This post isn’t about why you should have a canonical URL, but about how best to implement one.

Let’s start with a simple example. You own example.com and you have decided that you want to make www.example.com your canonical URL. One valid approach to do this would be to add a RewriteRule to your .htaccess file testing the incoming request’s host name and if it is example.com, then redirect to www.example.com. This works, but it is not the best way to do it.

A better approach is to reverse the RewriteRule’s logic. Instead of testing for a specific host name you want to redirect, test that the incoming request’s host name is NOT your canonical URL. If you only have one domain, you may not see the benefit to this approach, but let’s say you have example.com, example.net and example.org and you want them to ALL funnel to the canonical www.example.com. With the first approach, you’d be writing 5 rules. With the second approach, you still only need the one rule. Even better, if you continue to buy additional domains, you don’t have to remember to alter your rewrite rules to keep up with your domain addiction.

Enough theory, let’s look at the specific rules you can use in your .htaccess file:

RewriteCond "%{HTTP_HOST}" "!^www.example.com" [NC]
RewriteRule "(.*)" "http://www.example.com/$1" [R=301]

First, I assume you already have RewriteEngine on in your Apache configuration or .htaccess file.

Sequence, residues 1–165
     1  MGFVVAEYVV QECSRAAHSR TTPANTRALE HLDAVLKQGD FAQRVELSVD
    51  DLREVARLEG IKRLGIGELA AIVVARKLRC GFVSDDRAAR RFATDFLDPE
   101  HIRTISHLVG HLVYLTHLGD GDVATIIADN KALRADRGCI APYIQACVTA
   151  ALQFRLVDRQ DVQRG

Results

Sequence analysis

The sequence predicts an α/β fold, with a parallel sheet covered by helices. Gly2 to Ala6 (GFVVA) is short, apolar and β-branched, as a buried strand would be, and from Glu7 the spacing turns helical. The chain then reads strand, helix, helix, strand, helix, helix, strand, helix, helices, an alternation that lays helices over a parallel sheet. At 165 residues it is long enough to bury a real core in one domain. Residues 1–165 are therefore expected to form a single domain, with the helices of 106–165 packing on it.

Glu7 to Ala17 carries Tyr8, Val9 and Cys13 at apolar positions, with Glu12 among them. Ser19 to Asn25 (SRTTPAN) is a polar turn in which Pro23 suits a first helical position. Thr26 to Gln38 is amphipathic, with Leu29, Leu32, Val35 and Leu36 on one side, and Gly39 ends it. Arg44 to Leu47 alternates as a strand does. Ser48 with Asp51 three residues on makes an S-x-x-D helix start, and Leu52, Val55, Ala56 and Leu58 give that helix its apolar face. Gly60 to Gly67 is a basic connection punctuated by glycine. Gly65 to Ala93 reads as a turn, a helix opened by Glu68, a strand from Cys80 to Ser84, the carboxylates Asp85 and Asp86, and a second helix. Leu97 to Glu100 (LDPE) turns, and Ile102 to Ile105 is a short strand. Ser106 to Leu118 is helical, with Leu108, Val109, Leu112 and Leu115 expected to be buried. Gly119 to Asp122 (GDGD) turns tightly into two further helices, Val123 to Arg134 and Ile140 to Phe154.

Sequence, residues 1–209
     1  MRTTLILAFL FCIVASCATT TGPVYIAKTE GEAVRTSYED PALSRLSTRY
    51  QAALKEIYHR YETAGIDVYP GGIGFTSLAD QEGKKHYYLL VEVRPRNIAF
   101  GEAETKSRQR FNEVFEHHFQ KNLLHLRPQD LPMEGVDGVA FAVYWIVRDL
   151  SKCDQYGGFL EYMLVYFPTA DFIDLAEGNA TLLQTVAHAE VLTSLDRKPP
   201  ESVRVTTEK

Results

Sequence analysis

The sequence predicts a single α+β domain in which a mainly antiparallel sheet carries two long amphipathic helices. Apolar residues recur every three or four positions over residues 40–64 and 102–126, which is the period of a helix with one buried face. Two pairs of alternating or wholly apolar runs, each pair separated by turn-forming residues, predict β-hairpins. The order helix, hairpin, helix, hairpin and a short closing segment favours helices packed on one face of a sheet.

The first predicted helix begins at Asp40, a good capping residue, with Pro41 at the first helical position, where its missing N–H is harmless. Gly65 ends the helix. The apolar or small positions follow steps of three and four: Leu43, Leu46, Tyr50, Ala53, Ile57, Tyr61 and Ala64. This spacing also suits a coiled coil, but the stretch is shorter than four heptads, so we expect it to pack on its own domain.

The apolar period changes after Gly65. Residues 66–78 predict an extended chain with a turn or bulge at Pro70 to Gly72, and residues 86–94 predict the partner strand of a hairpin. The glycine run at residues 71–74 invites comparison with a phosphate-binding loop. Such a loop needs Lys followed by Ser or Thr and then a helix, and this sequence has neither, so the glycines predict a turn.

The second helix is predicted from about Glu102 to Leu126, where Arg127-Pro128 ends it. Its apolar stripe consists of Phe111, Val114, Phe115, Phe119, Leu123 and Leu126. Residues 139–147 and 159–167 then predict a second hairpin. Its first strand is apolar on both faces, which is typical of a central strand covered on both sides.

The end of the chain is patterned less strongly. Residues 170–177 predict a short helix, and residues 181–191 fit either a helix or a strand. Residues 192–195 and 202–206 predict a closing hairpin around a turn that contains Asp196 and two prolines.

The RewriteCond line is testing the incoming request and evaluating the host header to see what domain the user is requesting. Note the ! at the front of the rule. This means we will redirect if the incoming host header is NOT www.example.com. The [NC] flag just means that we don’t care if any capitalization is used. It will evaluate true whether it is Example.com or EXAMPLE.com.

The RewriteRule simply does a permanent redirect to our canonical URL, preserving the page name in the process.

Depending on your server configuration, you may also want to test SERVER_NAME. In practice on our server, I find this is not necessary, but your mileage may vary. If you’re curious, check out this explanation of the difference between HTTP_HOST and SERVER_NAME on Stack Overflow.

If you’re really curious, you can dig in to the Apache documents on mod_rewrite and learn more than you ever wanted to know on the topic.